Grow Traffic Blog -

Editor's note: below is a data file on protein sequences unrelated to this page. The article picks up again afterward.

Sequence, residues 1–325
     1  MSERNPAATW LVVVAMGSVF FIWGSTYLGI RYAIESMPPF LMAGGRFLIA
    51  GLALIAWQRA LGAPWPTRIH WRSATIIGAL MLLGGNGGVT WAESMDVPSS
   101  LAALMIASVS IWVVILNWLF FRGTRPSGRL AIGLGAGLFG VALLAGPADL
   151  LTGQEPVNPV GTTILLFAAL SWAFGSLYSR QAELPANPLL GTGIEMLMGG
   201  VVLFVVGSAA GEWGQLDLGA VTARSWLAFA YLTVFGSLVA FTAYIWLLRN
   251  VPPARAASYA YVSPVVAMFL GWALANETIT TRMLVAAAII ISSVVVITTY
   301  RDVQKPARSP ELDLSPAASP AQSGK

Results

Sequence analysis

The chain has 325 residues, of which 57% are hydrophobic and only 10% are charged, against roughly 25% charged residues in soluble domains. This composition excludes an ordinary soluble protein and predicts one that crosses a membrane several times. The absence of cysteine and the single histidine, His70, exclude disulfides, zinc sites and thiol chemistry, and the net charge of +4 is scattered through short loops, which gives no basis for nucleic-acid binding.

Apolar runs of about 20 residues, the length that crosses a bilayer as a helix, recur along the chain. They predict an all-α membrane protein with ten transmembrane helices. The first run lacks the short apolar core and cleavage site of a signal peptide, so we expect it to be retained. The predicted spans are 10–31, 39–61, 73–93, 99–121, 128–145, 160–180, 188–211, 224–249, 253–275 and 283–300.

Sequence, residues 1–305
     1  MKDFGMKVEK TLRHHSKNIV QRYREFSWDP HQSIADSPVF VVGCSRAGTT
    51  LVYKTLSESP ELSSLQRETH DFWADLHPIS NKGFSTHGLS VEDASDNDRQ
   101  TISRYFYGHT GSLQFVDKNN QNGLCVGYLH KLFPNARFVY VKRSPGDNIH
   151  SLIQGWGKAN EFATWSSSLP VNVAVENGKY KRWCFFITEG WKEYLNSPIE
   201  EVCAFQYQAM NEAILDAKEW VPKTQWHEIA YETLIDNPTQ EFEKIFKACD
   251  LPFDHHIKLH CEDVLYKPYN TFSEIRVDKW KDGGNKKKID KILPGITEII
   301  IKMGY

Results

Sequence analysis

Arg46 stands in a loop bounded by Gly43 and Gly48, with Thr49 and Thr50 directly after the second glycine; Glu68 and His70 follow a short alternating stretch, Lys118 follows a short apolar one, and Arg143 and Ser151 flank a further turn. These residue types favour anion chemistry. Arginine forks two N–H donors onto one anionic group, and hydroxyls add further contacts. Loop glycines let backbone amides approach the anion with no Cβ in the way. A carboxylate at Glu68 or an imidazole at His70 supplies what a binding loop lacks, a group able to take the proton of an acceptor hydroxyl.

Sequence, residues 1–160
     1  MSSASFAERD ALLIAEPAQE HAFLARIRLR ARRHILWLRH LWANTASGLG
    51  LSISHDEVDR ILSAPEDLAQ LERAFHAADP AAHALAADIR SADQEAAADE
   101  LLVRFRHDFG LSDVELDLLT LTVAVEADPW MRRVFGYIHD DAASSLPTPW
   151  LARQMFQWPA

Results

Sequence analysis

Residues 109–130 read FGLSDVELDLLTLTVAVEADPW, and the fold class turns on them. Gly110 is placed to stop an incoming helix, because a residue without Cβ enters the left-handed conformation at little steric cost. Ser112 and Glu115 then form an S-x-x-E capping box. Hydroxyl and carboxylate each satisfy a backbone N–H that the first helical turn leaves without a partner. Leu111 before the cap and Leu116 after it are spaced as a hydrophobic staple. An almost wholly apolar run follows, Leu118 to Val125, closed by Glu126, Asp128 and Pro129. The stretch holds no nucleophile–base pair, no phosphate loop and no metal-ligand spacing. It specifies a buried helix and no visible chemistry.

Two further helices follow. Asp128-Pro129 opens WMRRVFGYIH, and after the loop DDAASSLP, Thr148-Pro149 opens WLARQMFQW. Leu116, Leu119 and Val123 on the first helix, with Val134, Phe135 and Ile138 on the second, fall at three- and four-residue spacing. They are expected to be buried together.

When you’re running Google ads, you want to make the most of your budget. Every dollar needs to perform, either giving you information you can use to make other dollars perform better, or bringing you in a defined, positive return on your investment. This leads to the common adjustment of increasing bids when your budget increases, which in turn may have an astonishing effect on your ads. I’ve seen it a few times, and it’s not an unheard-of situation: a higher budget leads to lower conversions. Why does this happen, and what can you do to prevent it? Google’s Recommendations Part of the root cause of this issue is Google’s recommendations for ad success. Google is biased, of course. They want people to spend as much money as possible, so they can make as much money as possible. Google is smart, though. They know that if they just cranked up prices and left you with middling results, you would stop using their service. They strive for quality in their ad program so that no one walks away dissatisfied. One customer paying $10 a month for a year is worth more than another customer paying $50 once and leaving forever. Basically, Google has something called Recommendations. Recommendations are pieces of advice that good generates for you, based on the performance and situation of your account, and their wealth of historical data from other users in their ads system. Trust me, they’ve seen it all a thousand times. They can pick out your specific situation, identify potential improvements, and recommend actions for you to take that will lead to those improvements. Recommendations are not provided by an account manager or in any personalized manner. Rather, they are generated algorithmically based on your account performance and site-wide Google trends. Recommendations are taken from a list, which you can read here. Here are some examples, if you don’t want to click through: Add responsive search ads: Show more relevant ads to potential customers by creating responsive search ads. Create new versions of your ads: Try new versions of your ads and let the best ones show. Bid more efficiently with Enhanced CPC: Automatically optimize your bids at auction time for searches more likely to lead to conversions. Change your device bid adjustments: Optimize your spend on specific devices and increase your return on investment. Set audience bid adjustments: Optimize your audience bid adjustments based on how well they are converting. Add negative keywords: Reduce wasted spend by not showing on searches that are irrelevant to your business. Remove conflicting negative keywords: People didn’t see your ads because of conflicting negative keywords. Remove them so your ads can show. Add keywords to each ad group: Get your ads running by adding keywords to each ad group. Fix your audience source with no activity: Make sure you aren’t missing users on remarketing lists used by your campaigns. Fix the audience source so that users are added to your lists correctly. All of the above are taken straight from Google. They’re just a small selection of the dozens of recommendations Google provides, contextually, to accounts in their system. Some of these amount to “take advantage of advanced features in the ads system.” Some of them are “avoid conflicts that break ad visibility.” Still others work out to “spend more money in our system.” Since so many of their recommendations end up increasing your conversions, giving you more search visibility, or dropping your cost per conversion, it makes sense to follow them. Google isn’t going to steer you wrong if they can help it, because a disgruntled user is a user tying up their support system or a user that leaves their program entirely. How Increasing Budget Decreases Conversions Now, I’m not going to tell you that increasing your budget will always decrease conversions. In fact, it’s a pretty narrow set of circumstances that cause the problem. I can think of two reasons why it might happen, so I’ll detail them below. The first cause is when you simply run out of available traffic. This is by far the more common of the two causes, and it relates entirely to your chosen keywords. If your ads have a high quality score, you have a reasonable bid, and you have a budget sufficient to get plenty of conversions, increasing your budget will not increase your conversions. Imagine you have a keyword with a monthly search volume of 800. That’s roughly 800 queries per month for that keyword. Maybe 5% of them will click through and convert, so you have about 40 conversions available. At a price of $2 per conversion, that’s a monthly budget of $80. If you bump your budget up to $160, you’re doubling it. Your cost per conversion, if anything, goes up a bit as you have more money to spare and can be more flexible. However, there are still only 40 conversions available in that month, because there are only 800 people searching for your keyword. It doesn’t matter if you have a million dollars to throw into your ads; if your keywords simply have no more available search volume, you cannot get more conversions out of them. The second cause is when the math doesn’t work out in your favor, dividing up bids within your budget with a higher cost per click. Let’s say you have a budget of $10, and your ads are hitting an audience that has a cost per click ranging from $2 to $3. You set your bid cap to $2, ensuring that every conversion you get costs $2 or less. With a budget of $10, you get five conversions. Now you have a higher budget so you increase your bid to $3. Your $3 captures a new selection of your audience, those who are harder to reach and thus cost more. However, you can only fit three conversions in your $10. This is a gross simplification, of course. You wouldn’t keep your budget cap at $10 with a higher available budget. Still, the idea is that your conversions aren’t increasing to keep up with the increase in budget. You double your budget and you expect double the conversions, but because your cost per conversion goes up – since you’re willing and able to pay more – your number of conversions goes down. Basically, this is just a negative confluence of factors that can occur when you increase bids and budgets based on Google’s recommendations without actually playing with the numbers in the right way. You generally need to figure out what point you should cap your bids, despite what Google may want you to do. Other Things to Check If you’re having this issue – the lack of increased conversions, that is – there are a few other things you can check that might be causing it other than the two main causes I detailed above. The first is to check to see if you happen to have daily budget caps, ad set caps, or other budget restrictions in place. Google will always abide by the smallest budget cap to avoid springing unnecessary or unexpected charges on their customers. If you set your overall monthly budget to $1,000 but your daily budget is still $10, you’re only going to spend $300 per month. Make sure all of your budget numbers are chosen in a way that uses them appropriately, or make sure you’re choosing one of Google’s automatic allocation strategies. Another check you can perform requires a little manual finesse. Is position #1 in the search results actually the best position for your business? Sometimes it is, of course. The top of the line is the most visible and tends to get the most clicks. However, it’s also somewhat more expensive than #2 or #3. A higher position might get you a higher click through rate, but if your conversion rate doesn’t support it, it’s not going to do well for your budget. You may be paying too much for your position. One of the most common occurrences I encounter is a business striving to spend all of their budget to reach position #1, when it doesn’t have a tangible benefit to outweigh the increased costs and competition. Letting your ads “languish” at #2 or #3 will still get you a reasonable amount of conversions, without over-spending on advertising to get there. Another issue you can check on is if you have any keywords that are draining your budget without bringing in conversions. It’s easy for an ad with 80 broad match keywords to have one or two performing terribly, and you might never know until you look at your keyword-level analytics. You generally want to make sure that your keywords all meet a minimum level of performance. Any dramatically underperforming keywords should be removed or added to a negative keyword list. Other Considerations for Google Ad Conversions Ads grow stale, they grow old, they can wither and die. Increasing your budget isn’t going to revitalize them, it’s just going to show a stale ad to more people who aren’t interested. You need to change up your ads, and that means split testing. Incomplete split tests are a common problem with ads testing. I give an example in the article linked. Essentially, if you test different variations of different variables, only to come up with a result that points at a new confluence that you didn’t test, you don’t actually know if that confluence is better. It’s easy to catch all of the options when you’re testing one or two variables, but the more you add, the more you need to test, and that grows exponential very quickly. It’s why tests should be limited, and it’s why you need a proper budget to get the proper kind of data. Conversions are also susceptible to concerns outside of the ad ecosystem. I’ve talked to a few marketers in the past who have issues they dig deep trying to figure out, only to step back and realize their conversions dropped because they sell school supplies and school is out for the summer, or some other seasonal shift. When temporal concerns aren’t at issue, there’s also the possibility that some public perception has shifted. Maybe a competitor has hit the field and is trashing your business in their marketing. Maybe one of your customer service reps made a bad decision and their response has gone viral. Maybe you sell something that the public is slowly moving away from, and there’s not much you can do to claw back those sales. Another thing you should consider is ad keyword groups. All too many people throw all their keywords into one soup and hope it all works out on the other side, but that leads to a lot of ads with copy that doesn’t quite line up with the query, ads that don’t quite work. That means your conversions are going to be harder to come by, which in turn means their cost goes up. A higher budget will get you more high cost conversions, but you’re wasting a lot of opportunity. The fact is, the ads ecosystem has a thousand different factors at play, which is why so many of Google’s recommendations point at automatic adjustments they can perform algorithmically to get you the best results for the given money and copy you feed into the system. Any adjustments you make need to keep this in mind. The post Can Increasing Your Google Ad Budget Lower Conversions? appeared first on Growtraffic Blog.